Healthcare and Law Enforcement: A Win-Win Partnership

Jon M. Deutsch
December 07, 2016

It’s always gratifying to hear from happy customers – especially in an intimate context such as the 2016 Healthcare and Law Enforcement Analytics Symposium that we recently hosted in Ontario. This was our third annual healthcare symposium in Canada, and this year we upgraded the event to include not just healthcare organizations, but also the law enforcement community.

Fifty-five participants from the Ontario region took part in the two-day symposium, and the feedback was overwhemlingly positive. The environment was collaborative, engaging, and open, reflecting the attendees’ desire to share and learn. They went away armed with valuable information and ideas to put into practice at their respective organizations.

Information Builders maintains an active presence in the Canadian healthcare and law enforcement sectors. It was intriguing to see how well these groups meshed in their common quest to serve the public good. There were lots of interesting discussions about how analytics can support the mutual challenges of improving patient care and ensuring citizen safety. In some cases we considered the direct overlaps among these disciplines, such as when law enforcement personnel are required to accompany suspected criminials to the hospital.

"Dealing with hospital patients brought in by law enforcement adds a whole different set of challenges," admitted Tara McGlynn, a decision support specialist at Grand River Hospital, who attended the event. "Having the opportunity to discuss similar issues with professionals from both communities, and collaborate on how our work is interrelated, was particularly helpful. I’m excited to take back to my team the information I've gathered at the symposium and leverage the experience to improve our processes."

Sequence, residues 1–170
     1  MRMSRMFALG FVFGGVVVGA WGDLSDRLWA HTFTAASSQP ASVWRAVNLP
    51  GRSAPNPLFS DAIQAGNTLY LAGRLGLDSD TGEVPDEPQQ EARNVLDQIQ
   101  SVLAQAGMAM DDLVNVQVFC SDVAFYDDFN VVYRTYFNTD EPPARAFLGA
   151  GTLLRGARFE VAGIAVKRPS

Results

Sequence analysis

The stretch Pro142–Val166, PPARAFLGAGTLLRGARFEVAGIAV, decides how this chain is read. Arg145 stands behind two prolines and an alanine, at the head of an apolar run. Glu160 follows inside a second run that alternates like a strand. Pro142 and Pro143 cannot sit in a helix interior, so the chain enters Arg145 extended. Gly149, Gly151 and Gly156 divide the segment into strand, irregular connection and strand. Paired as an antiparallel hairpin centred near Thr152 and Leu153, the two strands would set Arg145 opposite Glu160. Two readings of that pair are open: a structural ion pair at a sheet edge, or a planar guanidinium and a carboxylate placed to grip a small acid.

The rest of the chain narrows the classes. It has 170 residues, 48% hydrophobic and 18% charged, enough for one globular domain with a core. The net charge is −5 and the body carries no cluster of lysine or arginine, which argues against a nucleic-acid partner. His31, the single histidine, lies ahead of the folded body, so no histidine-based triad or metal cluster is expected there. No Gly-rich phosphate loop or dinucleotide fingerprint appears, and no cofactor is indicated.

The agenda was packed with customer presentations, roundtable conversations, thought-leadership sessions, and lots of networking opportunities. Popular topics included the economics of healthcare and law enforcement, with an emphasis on using analytics to improve staff utilization. Attendees heard from leading organizations about how to use analytics to improve patient care and citizen safety. Each session was designed for them to learn from each other and gain a better appreciation of their respective challenges. Prominent organizations in attendance included Quinte Health Care, Cambridge Memorial Hospital, Guelph General Hospital, Grand River Hospital, York Regional Police, Sierra Systems, and Conestoga College.

One particularly useful track focused on mental health synergies for both communities. We discussed how to do more with less by leveraging data and analytics for improved efficiencies. Robert Allen of the Police Services Professional Standards Unit said he welcomed the opportunity to learn how to leverage agency data to make intelligence-based decisions. “Using analytics to support risk management and being able to map out trends in crime adds sustainability to policing at very critical points,” he said. "[WebFOCUS] is a critical tool for making appropriate decisions in the deployment of resources."

As the inspector in charge of strategic service for York Region Police and a new member of the Information Builders family, Stuart Betts enjoyed the opportunity to discuss his experiences with his peers in both law enforcement and healthcare. His department recently purchased Information Builders' Law Enforcement Analytics (LEA) framework to create a predictive policing system for more than 2,100 police officers, commanders, supervisors, crime analysts, and support staff. “I’m looking forward to future partnerships and further discussions on how we both might improve practices through tighter working relationships," he said, "and sharing BI practices for the betterment of not only our organizations, but also the citizens we serve."

The take-home point was clear: By discovering patterns in the way patients and suspects are handled, healthcare and law enforcement professionals can identify best practices for their organizations. Hospitals can improve patient flow, care, and outcomes, while law enforcement can become more proactive in controlling crime and using civic resources more effectively.